As soon as lockdown was announced Matt emailed his staff to reassure them that their jobs may not be safe indefinitely, but there’s money in the bank to look after them after 15 years of running a successful business. He even included his personal number for staff to call him if they were worried and continued to email his staff every 3-4 days.

‘We’ve had the worst crisis of a generation and we need to be open with not just our customers or staff’.

Arti agreed with Matt and elaborated on the reasons why. ‘Trust is already there with your staff, and they will be wanting to hear what you have to say more than the government. Communication is paramount, and a quality a leader requires.’

The Importance of Vulnerability in a leader

‘Important qualities in a leader are consistency and strength but you also have to show a degree of vulnerability. At one point I felt we may lose our partnerships with some clients, which would have had a significant effect. I sat in the gym with tears streaming down my face. If I lost this business, it defines me, and I wouldn’t know who I was anymore. I had to show that level of honesty during a board meeting and to my staff. Sharing your vulnerability is important, when the time is right, and you have got through the storm. It demonstrates that we all have worries.’ Matt

Griselda echoed Matt’s view and went on to discuss the practicalities of vulnerability. ‘We used to hide the kids when we had a call, but because we’re home schooling, everyone became ok with it and it took a lot of pressure off.  No one has all the answers, you could see how the leaders in government didn’t have a clue and it’s ok to let people know you don’t have the answers, but you’re working hard to find them.’

We asked the panel what they thought the top qualities of a leader are:

Helen – vision, empathy (I cannot stress that enough) and resilience.

Matt – Vision, empathy, and strength

Griselda – Empathy – what good is a leader who does not feel. Resilience and influence, a leader is someone who can change minds and bring people along.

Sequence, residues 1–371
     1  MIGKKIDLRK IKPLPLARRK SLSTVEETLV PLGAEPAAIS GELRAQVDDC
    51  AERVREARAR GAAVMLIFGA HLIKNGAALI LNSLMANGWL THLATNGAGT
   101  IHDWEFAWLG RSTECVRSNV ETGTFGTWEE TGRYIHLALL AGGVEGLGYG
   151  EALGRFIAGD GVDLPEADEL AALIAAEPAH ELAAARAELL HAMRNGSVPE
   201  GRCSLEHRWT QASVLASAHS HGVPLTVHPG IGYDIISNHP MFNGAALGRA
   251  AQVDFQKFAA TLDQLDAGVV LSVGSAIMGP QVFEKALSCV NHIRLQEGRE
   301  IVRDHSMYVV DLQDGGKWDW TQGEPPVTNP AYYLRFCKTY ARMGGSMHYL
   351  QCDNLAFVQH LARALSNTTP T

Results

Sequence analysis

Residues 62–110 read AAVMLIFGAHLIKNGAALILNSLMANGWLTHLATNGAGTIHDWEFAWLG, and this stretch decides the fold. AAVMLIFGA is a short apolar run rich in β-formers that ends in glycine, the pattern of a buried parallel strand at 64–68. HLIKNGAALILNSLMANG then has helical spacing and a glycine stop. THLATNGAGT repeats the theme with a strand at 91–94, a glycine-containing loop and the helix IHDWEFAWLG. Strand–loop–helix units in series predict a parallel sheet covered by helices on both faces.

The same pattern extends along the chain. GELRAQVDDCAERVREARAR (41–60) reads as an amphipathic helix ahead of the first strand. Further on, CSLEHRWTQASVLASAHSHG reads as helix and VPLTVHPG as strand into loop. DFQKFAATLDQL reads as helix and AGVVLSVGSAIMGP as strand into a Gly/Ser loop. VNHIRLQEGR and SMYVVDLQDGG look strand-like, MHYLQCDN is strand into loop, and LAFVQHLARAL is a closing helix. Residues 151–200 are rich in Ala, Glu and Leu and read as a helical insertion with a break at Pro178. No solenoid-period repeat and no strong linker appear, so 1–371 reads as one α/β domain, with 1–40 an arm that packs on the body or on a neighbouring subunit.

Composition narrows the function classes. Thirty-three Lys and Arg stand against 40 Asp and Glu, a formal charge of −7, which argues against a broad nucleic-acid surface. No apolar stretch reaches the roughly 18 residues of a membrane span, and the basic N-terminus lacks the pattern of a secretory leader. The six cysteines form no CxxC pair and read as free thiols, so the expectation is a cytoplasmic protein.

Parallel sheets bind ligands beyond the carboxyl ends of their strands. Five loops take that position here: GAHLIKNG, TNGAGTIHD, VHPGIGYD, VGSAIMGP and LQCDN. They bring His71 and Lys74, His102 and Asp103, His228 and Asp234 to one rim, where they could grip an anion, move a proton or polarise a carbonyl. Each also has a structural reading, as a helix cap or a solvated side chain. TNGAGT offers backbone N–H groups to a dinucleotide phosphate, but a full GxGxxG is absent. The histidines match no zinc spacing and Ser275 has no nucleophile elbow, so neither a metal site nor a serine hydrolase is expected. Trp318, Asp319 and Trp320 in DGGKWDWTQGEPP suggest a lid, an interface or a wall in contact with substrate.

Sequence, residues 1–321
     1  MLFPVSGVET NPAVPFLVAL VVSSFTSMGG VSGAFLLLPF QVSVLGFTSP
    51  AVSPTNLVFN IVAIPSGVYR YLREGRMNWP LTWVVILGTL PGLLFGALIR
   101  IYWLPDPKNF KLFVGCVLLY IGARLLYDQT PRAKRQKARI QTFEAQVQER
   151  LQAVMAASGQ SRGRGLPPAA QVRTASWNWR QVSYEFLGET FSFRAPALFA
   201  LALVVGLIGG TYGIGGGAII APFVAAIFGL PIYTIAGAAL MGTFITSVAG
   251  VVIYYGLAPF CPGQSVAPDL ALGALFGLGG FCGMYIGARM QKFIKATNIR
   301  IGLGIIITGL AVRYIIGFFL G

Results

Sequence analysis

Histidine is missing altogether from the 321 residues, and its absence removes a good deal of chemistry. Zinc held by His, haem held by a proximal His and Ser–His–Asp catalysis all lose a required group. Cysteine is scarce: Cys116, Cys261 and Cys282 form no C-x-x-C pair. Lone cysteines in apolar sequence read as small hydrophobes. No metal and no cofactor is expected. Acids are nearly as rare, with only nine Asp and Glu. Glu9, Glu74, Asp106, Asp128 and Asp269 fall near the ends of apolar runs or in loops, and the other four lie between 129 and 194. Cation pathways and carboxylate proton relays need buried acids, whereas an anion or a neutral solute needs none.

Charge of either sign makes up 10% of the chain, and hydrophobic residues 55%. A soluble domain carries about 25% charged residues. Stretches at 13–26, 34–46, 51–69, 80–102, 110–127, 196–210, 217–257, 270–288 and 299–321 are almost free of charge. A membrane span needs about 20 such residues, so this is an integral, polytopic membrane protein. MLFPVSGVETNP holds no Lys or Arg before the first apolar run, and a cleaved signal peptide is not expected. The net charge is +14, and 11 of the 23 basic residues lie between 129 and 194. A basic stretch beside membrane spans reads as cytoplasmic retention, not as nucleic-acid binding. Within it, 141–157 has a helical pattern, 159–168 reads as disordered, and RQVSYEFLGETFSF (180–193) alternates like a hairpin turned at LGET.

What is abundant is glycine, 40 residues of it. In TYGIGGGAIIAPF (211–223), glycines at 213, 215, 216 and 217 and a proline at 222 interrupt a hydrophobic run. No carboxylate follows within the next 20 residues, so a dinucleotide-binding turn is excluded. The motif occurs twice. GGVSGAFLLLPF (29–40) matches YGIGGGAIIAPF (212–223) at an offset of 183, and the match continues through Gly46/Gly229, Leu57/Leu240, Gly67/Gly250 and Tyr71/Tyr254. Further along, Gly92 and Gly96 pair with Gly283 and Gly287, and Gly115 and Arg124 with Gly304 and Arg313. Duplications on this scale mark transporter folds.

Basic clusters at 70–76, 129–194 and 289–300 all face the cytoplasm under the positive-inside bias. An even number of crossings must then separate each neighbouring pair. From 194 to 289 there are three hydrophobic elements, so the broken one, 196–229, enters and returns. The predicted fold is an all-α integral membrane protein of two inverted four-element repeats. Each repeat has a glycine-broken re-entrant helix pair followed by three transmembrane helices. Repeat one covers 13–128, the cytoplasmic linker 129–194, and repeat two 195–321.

Arti – flexibility, the need to be adaptable rather than operating in your comfort zone.

Lara – When you wake up, you must decide to have a positive attitude. It is a choice. I also do not make excuses, so I will not accept them either. Do not make a decision based on emotion, because it will be wrong.

Both Matt and Helen both echoed that the three qualities of a leader adapt from business to business. In the words of Matt, drive energy passion enthusiasm are all the qualities required at the start of a business but, as time develops, you need to be humble and adapt the qualities required.

Take Your Seat at The Table.

I will leave you today with some fabulous words from Leeds Councils first black female counsellor, Abigail Marshall-Katung.

‘I realised that as a woman, I was memorable, so I decided I had to go for it. At the end of the day, if you are not sat around the table, decisions will be made for you. You have to decide to take your seat and the table and go for it.’

I would like to send our thanks to Forward Ladies for putting on the summit and providing us with a very inspiring day, in these very bizarre times.

If you want our help in looking after the mental health of your workforces, please see our website PH7Health.co.uk and for the innovative work that our charity provides, PH7Life.com.

– Rebecca Jane – PH7 Group Operations Director

With the PH7 EAP plan, your employees will have access to 24/7 mental health support line, face-to-face counselling sessions and full digital support with the online health e-hub app.

We can help you to boost your productivity levels and reduce mental health-related sickness in your workplace.

Call the team to find out more 01282 479 929